BY EMILY THOMPSON
FARMINGTON — Developer Rich Haws intended to put his best foot forward during a recent presentation during a public hearing before the city council last week, but instead spent the evening defending his company against claims made by the city staff that he had not properly filed the proper master plan for the development in question.
Haws, of The Haws Companies, came prepared with drawings, studies, and endorsements that he hoped would allow him to express why he felt that the a specific zoning ordinance code, which allows for variances to the standard policy, should be applied to his particular project. What awaited him upon arrival was a report from city staff, which listed a number of concerns to the project, as well as a suggestion to the council that his entire site plan is flawed and should not be approved during the hearing process. After hearing public comments, Haws was allowed to present his case before the council, and immediately expressed his concerns by saying that he "had been blindsided since the issue has not been raised before now".
The staff report said that Haws Companies had not properly filed a master plan, as was required in the original development application. The nearly completed Park Lane Condos project was the first project in the large development, which makes up 72 acres within the site. Although the city mistakenly approved the site plan for the condos without requiring a master plan, staffers are trying to make certain that the same approval requirement is not skipped for the Park Lane Commons area, which will sit at the front of the condos.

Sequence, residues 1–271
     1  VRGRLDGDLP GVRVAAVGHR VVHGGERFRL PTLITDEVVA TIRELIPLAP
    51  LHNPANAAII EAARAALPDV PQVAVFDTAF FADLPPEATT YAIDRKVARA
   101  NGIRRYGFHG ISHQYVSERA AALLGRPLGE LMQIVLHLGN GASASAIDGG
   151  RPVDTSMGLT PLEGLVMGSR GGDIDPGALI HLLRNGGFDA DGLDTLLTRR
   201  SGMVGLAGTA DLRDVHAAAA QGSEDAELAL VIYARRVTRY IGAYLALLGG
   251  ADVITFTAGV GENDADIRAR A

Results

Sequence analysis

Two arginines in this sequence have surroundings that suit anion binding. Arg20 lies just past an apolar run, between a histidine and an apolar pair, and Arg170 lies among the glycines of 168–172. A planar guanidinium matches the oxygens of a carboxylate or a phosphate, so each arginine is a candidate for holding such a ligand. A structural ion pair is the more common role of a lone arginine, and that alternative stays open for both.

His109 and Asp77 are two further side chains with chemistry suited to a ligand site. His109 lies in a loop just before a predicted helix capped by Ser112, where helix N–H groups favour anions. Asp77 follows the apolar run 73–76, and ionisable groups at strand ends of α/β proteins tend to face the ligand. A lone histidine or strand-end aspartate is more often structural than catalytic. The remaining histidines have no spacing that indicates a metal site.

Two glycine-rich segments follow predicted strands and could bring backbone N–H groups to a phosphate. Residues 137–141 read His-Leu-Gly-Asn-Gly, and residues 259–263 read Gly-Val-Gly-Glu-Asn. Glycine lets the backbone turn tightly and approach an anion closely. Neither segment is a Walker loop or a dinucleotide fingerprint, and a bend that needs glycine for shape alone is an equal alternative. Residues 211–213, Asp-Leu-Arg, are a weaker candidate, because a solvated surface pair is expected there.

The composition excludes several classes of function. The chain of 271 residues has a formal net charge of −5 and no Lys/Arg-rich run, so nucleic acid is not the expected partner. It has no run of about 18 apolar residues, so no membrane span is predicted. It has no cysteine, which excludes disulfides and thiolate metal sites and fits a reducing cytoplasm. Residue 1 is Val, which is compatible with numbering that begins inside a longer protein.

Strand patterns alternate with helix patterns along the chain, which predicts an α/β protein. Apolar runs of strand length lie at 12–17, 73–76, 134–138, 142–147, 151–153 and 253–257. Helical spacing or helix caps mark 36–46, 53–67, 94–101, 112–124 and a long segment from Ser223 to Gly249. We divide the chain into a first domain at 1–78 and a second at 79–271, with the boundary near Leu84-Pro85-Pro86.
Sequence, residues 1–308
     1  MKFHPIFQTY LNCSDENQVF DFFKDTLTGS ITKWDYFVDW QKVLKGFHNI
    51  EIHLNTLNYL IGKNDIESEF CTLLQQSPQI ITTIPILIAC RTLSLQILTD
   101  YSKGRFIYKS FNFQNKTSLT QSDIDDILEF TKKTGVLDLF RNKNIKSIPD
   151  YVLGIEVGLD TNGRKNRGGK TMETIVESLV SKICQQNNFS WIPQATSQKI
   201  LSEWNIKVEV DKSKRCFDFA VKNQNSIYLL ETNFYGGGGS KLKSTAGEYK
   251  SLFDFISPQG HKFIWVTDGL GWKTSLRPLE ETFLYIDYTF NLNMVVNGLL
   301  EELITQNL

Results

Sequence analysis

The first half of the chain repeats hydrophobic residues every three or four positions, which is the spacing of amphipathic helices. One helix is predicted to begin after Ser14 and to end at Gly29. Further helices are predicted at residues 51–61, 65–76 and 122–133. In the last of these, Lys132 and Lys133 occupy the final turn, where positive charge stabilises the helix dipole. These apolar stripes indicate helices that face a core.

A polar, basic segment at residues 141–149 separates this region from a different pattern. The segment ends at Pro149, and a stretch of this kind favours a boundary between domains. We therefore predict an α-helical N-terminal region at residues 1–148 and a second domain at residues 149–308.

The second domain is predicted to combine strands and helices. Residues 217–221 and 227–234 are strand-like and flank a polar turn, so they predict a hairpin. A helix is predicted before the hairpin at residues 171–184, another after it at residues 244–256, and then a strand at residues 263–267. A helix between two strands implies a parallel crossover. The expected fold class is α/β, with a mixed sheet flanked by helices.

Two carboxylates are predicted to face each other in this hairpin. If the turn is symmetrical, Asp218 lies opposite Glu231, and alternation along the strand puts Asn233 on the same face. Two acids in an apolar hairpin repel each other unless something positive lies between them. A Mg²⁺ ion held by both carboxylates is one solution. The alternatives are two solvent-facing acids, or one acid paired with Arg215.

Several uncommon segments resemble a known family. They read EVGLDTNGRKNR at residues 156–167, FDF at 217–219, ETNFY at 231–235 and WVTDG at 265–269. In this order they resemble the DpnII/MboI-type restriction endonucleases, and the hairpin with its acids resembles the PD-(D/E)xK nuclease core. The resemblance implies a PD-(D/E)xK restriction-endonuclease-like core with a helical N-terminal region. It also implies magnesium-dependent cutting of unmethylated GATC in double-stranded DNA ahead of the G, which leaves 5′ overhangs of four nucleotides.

If approved, Park Lane Commons would include a McDonald’s fast food restaurant. The developer is anxious to build that venue and other structures for potential occupants.
During the hearing as well as within a letter that he addressed to the council, City Manager Dave Millheim said that he "is concerned that the issue not become about McDonalds". He said that the overall plan is appealing, but he does want to ensure that the proper steps are taken.
There are issues with regards to the overall site plan, variances to current code, pedestrian access and more, but none were addressed during the hearing. Haws insists that the 33 acre parcel PMP that was included in the original agreement contract with the city is acceptable.
Elected officials, staffers and the developer agreed to meet soon to come to an agreement about what is legally allowed in regards to the master plan.